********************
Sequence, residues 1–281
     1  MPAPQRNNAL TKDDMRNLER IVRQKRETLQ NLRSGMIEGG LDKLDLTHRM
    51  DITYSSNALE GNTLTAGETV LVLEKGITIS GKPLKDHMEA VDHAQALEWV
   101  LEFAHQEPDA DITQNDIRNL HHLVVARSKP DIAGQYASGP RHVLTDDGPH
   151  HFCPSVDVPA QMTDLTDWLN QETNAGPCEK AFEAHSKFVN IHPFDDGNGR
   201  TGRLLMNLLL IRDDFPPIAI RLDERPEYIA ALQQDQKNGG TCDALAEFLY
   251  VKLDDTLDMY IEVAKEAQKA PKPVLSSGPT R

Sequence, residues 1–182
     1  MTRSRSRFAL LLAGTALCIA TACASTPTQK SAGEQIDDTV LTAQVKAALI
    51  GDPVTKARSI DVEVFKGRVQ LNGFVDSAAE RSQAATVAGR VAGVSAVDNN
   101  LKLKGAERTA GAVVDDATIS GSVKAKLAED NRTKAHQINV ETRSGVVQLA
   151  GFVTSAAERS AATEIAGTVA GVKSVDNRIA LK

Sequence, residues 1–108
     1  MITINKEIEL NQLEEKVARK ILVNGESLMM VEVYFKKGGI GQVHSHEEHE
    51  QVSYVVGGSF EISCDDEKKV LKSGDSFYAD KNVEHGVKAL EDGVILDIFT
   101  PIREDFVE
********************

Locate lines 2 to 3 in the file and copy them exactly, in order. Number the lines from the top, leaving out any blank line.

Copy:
     1  MPAPQRNNAL TKDDMRNLER IVRQKRETLQ NLRSGMIEGG LDKLDLTHRM
    51  DITYSSNALE GNTLTAGETV LVLEKGITIS GKPLKDHMEA VDHAQALEWV